Monday, April 18, 2016

Frogs Hollow, Brisbane CBD

If you walk down Edward St towards the Brisbane River you will come to a building that we have looked at previously - the Port Office Hotel, named after the old Port Office building (now the Stamford Plaza Hotel) situated on the other side of the street near the northern entrance to the Botanical Gardens.

On the Edward St wall of the Port Office Hotel is the sculpture named "Frogs Hollow" shown in the photograph below.
(Photo: © 2016 the foto fanatic)

The piece was created by Christopher Trotter as part of his "Nature" series, several of which are dotted around the CBD, and it is a physical representation of the name that was given to this area in days gone by. If you look at the work you can pick out the frogs, toadstools and reeds that used to be present in this low-lying part of Brisbane.

Frogs Hollow was a marshy and unpleasant area bounded by Edward, Alice, Albert and Charlotte Streets that became waterlogged when it rained. In really heavy rain, the area used to become flood-bound, as can be seen in the following image taken during the 1864 floods, looking down Charlotte St from George St towards Edward St.  
(Photo: SLQ 22130)

Frogs Hollow became notorious for other reasons too. The noxious nature of the terrain seemed to attract the seamier side of Brisbane's inhabitants and businesses. The susceptibility to flooding meant that rents for buildings constructed there were relatively cheap, thereby attracting the poor and the disadvantaged and making Frogs Hollow a part of the town where criminal activity flourished. Brisbane historian Rod Fisher described it as being home to many of the city’s public houses, hostels, gambling joints, brothels and opium dens. He described it as a:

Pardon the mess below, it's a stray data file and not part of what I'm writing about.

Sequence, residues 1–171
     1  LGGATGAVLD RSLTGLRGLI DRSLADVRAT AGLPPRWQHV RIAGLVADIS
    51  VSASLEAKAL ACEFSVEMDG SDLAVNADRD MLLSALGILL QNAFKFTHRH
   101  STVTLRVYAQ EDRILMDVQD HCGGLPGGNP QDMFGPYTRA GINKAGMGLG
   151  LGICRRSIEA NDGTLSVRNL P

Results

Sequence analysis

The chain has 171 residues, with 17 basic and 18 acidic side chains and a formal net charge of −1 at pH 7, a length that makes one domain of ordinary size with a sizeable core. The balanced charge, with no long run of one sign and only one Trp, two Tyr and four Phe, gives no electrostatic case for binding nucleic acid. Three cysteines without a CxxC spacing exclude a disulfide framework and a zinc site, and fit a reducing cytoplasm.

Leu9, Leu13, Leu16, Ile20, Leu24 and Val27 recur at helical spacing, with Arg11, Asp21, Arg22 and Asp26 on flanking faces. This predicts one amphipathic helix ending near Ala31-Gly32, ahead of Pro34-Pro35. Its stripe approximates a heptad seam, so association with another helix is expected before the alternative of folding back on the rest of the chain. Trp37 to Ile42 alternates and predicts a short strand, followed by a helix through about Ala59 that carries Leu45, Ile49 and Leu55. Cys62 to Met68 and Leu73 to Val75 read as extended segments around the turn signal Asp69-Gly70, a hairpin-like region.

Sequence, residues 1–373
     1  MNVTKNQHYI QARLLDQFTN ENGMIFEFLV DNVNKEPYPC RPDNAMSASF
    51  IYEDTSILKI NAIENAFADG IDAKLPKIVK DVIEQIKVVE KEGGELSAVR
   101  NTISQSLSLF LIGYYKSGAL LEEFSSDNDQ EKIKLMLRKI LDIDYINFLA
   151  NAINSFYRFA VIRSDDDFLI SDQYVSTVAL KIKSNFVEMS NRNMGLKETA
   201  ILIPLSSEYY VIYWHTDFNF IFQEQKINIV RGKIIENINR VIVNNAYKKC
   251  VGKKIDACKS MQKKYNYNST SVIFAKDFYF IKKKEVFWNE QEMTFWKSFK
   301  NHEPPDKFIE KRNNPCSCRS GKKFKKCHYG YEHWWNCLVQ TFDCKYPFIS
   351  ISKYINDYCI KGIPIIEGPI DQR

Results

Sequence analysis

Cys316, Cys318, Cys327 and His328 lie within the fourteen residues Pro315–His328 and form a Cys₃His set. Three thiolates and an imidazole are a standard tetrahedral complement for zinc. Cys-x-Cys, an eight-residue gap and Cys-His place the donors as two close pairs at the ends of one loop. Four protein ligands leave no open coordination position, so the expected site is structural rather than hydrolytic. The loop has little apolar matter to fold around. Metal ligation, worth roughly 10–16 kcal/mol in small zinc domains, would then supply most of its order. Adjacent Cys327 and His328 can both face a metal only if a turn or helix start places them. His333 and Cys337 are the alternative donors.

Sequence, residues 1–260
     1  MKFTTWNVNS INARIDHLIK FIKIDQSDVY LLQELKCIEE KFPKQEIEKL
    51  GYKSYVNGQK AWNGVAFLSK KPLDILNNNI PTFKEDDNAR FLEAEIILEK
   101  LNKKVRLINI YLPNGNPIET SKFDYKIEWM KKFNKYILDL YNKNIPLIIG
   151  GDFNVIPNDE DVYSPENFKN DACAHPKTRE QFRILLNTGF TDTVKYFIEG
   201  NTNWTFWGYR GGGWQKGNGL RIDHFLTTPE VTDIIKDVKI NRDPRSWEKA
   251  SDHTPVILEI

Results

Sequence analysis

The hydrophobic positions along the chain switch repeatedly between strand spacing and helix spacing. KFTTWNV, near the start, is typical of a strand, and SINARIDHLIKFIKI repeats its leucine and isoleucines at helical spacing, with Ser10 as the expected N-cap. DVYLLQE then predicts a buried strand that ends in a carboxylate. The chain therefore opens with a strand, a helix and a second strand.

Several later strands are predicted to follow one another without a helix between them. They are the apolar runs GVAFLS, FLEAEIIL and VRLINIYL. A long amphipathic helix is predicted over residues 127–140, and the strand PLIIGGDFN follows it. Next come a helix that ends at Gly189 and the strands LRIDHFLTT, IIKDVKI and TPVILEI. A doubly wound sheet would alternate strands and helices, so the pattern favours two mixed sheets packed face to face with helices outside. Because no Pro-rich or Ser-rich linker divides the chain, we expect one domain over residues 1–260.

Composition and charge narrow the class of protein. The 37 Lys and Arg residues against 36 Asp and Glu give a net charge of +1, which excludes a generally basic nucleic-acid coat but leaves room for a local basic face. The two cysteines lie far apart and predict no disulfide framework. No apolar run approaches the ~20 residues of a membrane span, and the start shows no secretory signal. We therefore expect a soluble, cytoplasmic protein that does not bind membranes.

"rare clustering of drunkards, prostitutes, larrikins, thieves and assailants who, in one way or other, lived off the visitors, mariners, and new arrivals at the many boarding-houses, lodgings and hotels" 
One estimate in the late 1880's indicated that as many as 50 percent of cases that came before the Police Court originated in Frogs Hollow.
The cheaper dwellings and the moist conditions also attracted another group - the Chinese. Some were market gardeners but many more were involved in illegal gambling and drugs. Sometimes attempts were made to close down the illegal establishments and on occasions this resulted in full-scale riots.    

Gradually though, Brisbane expanded and Frogs Hollow was drained and cleaned up as businesses moved there. The construction of buildings such as Watson Bros and HB Sales brought people to the area, gradually forcing out the opium dens and brothels.

Click here for a Google Map.



  1. A wealth of information as usual! This is good trivia to impress my mates with.

    1. I thought that you may have photographed/blogged about this some time ago Cara?

  2. I think the photo is from the 1864 flood, not 94.

    1. Yes, you are correct. The State Library file does say 1864.

      I have amended the text - thank you for the input.

  3. Love reading your snippets of Brisbane's history. Love the sculpture and must check it out next time I'm in Edward St.

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